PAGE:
The decision to split up a database up in different filegroups should be taken after having analyzed the current size and future growth of your tables. In my opinion unless you have a large database or tables with millions of rows, you should carefully consider pros and cons, since you may end up creating more performance problems than you fix.
There are some scenarios which could be interesting under certain premises:
- 2 filegroups: data and index
- 3 filegroups: read-only tables, read-write tables, index
- multiple filegroups: read-only, read-write, index, key table 1, key table 2, ...
You have to analyze your environment to decide if filegroups will help with your SQL Server growth, usage and performance needs.
Some key indicators to move to multiple filegroups (from this article):
- When disk queuing is causing application and user experience issues
- If this is the case, consider leveraging additional disk drives with new filegroups housing IO intensive tables
- When particular tables are 10% or more of the database
- If this is the case, consider moving these particularly large tables to separate filegroups on separate underlying disk drives
- Depending on the table size in proportion to the remainder of the tables, consider building a filegroup for individual table(s)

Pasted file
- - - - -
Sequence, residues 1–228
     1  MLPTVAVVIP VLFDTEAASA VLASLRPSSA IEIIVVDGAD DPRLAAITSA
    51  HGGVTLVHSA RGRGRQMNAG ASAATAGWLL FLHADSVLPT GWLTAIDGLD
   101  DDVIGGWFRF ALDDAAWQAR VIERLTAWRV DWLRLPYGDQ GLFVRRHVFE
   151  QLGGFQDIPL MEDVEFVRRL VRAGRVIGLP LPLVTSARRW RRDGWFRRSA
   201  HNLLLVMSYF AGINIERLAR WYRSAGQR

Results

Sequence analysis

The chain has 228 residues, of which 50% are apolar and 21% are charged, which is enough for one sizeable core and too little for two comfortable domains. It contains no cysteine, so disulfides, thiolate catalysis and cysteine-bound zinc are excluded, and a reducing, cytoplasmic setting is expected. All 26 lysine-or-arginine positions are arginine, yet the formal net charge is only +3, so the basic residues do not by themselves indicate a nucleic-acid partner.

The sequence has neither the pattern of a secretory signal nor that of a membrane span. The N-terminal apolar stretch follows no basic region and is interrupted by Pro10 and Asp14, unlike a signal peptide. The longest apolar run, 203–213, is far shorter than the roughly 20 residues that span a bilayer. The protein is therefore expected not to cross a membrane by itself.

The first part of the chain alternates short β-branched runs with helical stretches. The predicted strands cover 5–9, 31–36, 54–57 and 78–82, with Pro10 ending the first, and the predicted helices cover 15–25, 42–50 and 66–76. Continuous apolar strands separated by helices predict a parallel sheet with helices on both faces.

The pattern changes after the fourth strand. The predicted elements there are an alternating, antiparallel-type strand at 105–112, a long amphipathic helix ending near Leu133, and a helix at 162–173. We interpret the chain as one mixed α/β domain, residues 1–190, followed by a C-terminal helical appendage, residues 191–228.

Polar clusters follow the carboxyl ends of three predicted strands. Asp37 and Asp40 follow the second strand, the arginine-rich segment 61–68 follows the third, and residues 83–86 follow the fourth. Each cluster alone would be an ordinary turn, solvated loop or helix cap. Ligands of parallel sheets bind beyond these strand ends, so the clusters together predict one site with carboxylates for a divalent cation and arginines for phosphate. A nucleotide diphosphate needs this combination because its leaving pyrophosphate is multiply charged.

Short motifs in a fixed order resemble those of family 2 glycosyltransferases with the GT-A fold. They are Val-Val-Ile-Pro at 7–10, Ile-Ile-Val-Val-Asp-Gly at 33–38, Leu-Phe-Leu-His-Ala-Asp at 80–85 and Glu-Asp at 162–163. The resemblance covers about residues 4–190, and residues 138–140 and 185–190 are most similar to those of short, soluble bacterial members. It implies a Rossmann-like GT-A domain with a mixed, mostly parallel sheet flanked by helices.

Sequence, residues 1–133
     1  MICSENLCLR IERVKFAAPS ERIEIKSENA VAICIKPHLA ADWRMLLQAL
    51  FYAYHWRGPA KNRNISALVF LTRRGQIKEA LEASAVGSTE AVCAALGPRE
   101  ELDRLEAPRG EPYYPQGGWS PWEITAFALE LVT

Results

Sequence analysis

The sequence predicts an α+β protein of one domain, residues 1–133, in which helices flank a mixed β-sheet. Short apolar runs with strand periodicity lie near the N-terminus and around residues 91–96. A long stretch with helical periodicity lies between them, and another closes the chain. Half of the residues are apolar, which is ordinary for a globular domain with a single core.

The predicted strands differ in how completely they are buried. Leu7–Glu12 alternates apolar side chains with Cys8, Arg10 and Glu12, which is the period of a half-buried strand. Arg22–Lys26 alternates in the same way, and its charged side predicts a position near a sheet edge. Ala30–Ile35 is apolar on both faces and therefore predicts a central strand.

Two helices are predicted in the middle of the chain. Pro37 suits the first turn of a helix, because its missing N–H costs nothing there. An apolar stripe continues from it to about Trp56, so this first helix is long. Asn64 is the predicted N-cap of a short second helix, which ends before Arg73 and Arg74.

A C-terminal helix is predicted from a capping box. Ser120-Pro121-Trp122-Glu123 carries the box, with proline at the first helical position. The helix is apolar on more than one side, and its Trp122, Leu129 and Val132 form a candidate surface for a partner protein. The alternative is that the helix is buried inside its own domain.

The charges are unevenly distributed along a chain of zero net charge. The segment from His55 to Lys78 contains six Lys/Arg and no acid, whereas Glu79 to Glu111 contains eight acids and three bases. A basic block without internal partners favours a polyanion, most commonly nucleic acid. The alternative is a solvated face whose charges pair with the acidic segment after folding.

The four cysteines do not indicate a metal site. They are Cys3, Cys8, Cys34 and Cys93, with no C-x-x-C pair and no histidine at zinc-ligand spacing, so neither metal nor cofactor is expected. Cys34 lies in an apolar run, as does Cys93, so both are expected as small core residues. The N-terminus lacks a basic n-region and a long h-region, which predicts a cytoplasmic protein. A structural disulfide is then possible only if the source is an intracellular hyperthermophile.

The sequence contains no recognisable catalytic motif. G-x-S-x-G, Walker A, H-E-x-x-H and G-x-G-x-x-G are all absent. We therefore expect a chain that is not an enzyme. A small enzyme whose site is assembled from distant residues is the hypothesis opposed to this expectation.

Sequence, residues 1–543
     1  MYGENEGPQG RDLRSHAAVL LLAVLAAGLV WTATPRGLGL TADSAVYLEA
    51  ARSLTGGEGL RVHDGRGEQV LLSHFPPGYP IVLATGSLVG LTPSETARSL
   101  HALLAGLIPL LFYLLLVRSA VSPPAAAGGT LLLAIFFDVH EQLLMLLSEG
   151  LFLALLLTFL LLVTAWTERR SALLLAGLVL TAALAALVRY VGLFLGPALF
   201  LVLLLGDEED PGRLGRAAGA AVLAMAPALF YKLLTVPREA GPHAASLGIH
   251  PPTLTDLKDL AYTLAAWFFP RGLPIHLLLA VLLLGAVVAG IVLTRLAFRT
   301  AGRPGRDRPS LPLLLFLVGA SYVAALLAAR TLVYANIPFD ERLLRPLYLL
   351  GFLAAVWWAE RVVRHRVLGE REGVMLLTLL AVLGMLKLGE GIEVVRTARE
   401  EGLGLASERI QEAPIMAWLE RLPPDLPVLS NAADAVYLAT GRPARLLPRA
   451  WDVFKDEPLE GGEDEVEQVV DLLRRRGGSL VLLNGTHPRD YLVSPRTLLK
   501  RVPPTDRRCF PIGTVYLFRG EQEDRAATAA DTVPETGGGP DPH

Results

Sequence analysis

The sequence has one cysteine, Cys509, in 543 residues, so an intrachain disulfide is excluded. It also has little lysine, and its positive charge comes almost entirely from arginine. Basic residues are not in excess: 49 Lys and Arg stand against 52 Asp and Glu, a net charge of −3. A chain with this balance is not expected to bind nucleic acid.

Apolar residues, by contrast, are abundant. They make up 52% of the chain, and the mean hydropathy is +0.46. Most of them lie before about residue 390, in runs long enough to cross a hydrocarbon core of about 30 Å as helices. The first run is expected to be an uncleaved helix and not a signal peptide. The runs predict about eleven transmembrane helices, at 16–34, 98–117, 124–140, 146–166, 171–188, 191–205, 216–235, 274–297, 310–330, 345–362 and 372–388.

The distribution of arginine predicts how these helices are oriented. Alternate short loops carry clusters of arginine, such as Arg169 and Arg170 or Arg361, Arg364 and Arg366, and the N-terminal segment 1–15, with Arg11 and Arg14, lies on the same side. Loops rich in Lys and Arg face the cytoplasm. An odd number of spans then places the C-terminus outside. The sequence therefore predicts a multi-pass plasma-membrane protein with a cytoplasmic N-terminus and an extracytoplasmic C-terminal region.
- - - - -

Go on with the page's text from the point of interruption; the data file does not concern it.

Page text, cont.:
- When non clustered index and data space are equal on large tables
- If this is the case, consider splitting the data and clustered index from the non-clustered indexes
- When an almost equal percentage of read-only and read-write data exist in the database
- If this is the case, consider splitting the read-only data in a separate filegroup as the read-write data
- When insufficient time is available to perform database maintenance
- If this is the case, consider splitting the large tables into separate filegroups on different underlying disks and perform maintenance in parallel
- When the business or application will be changing significantly and the data is going to grow at a much higher rate
- If this is the case, consider working with the users to understand the potential growth
- When archived data resides in the same database as the production data
- If this is the case, consider separate file groups or one or more of the techniques in this tip - Archiving Data in SQL Server
If you find that filegroups could be improve your database's performance, write the code and test the process in a staging environment before you implement the changes on your production servers. Prepare some measurements before you implement the changes and compare them before/after. Since these processes can be very resource intensive and time consuming, perform these procedures during a maintenance period.
Don't forget, when creating new objects (tables and indexes), be sure that the objects are created in the correct filegroup to ensure expected performance and periodically validate the database objects are in the correct filegroups and correct as needed.